(Guest Post by Matthew Ladner)
In 2013, I was discussing a reform agenda (non-choice related) with a seasoned observer and participant in Texas education politics. I asked this individual whether he was taking steps to advance this reform in the then ongoing legislative session. He responded “no this is a lawsuit year.” My puzzled look must have spurred him to elaborate, whereupon he told me:
Let me explain to you how the districts use the courts to manage the Texas legislature. The districts do everything they can to block reform, and then they file a lawsuit. The lawsuit takes years to wind through the Texas court system, making a ready made excuse against reform. The lawsuit eventually gets a final ruling and they go back to blocking reform and preparing for the next lawsuit.
This is a lawsuit year.
I recall distinctly “I wish I could have learned this six months ago rather having than my brains beat out in Austin.”
Well in the latest round of this cycle of Texas school finance litigation, the Texas Supreme Court finally decided to stop being the school establishment’s puppet, making some space for the whole “democracy” thing to play out. Much better late than never imo.
Speaking of school finance lawsuits, out here in AZ the voters took to the polls yesterday to vote on a settlement of such a suit. Back in 2000 Arizona voters enacted an inflation based spending increase for schools. During the first year of the Great Recession the state’s general revenue dived 20% in a single year and lawmakers began digging up money from the couch rather than stop payments to hospitals or close state prisons. During the boom years lawmakers had increased funding above and beyond inflation, and an arcane dispute broke out over whether than above and beyond spending counted against the voter mandate or not, and the school groups filed a lawsuit.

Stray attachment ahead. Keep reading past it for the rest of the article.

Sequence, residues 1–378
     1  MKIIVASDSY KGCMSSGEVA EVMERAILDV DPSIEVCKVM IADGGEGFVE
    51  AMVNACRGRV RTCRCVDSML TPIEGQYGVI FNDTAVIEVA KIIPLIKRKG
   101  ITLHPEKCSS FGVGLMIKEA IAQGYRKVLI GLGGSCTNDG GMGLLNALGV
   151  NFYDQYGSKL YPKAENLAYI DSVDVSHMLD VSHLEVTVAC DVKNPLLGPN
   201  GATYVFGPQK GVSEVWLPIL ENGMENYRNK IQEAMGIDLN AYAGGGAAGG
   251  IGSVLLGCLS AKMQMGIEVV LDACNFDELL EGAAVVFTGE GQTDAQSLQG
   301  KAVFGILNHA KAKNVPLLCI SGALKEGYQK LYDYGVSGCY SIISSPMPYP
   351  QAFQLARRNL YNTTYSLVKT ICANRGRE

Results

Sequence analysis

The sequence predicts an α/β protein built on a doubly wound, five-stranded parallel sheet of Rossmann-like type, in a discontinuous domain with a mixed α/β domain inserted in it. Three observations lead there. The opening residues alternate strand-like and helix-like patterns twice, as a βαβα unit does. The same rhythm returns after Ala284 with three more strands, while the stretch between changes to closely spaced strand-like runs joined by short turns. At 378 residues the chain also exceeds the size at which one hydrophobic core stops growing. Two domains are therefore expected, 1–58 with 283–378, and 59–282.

The Arizona School Boards Association and the Arizona Education Association agreed to settle the suit in part by increasing the payout from the State Land Trust from 2.5% to 6.9% per year for 10 years. The trust is funded by sales of state land, and has grown to a multi-billion dollar fund not because the state sells much land, but rather because you can fall out of bed and beat such a low payout rate over time. Federal law requires private charities to pay out 5% per year and you may have noticed that most of them are functionally immortal. There is nothing either sacred or even reasonable about a 2.5% payout.
Some have worried about a “fiscal cliff” in 10 years, but this seems to have a fairly simple solution to me- sell a bit more state land (the state retains an estimated $70 billion worth while the Land Trust is worth less than $6 billion) and permanently put the payout at 5% to match private charities a decade hence. In addition to state land, Arizona has a ton of open space in the form of national parks, federal land, tribal lands, state parks etc. so the great outdoors is not in any danger.
Well the election was held last night and it is a cliffhanger with the Yes holding a slight lead. The Arizona Republic’s Bob Robb has been at pains to explain the incoherence of the arguments made against the settlement but there is no need to let mere reason get in the way in a year like 2016. There are different flavors of opposition, but my personal favorite are the armchair strategists who believe they have a keener grasp on the risks of continuing the lawsuit than those who brought the suit. Ah well <<Insert Churchill quote about democracy about here>>
We should have a final result by Friday- stay tuned.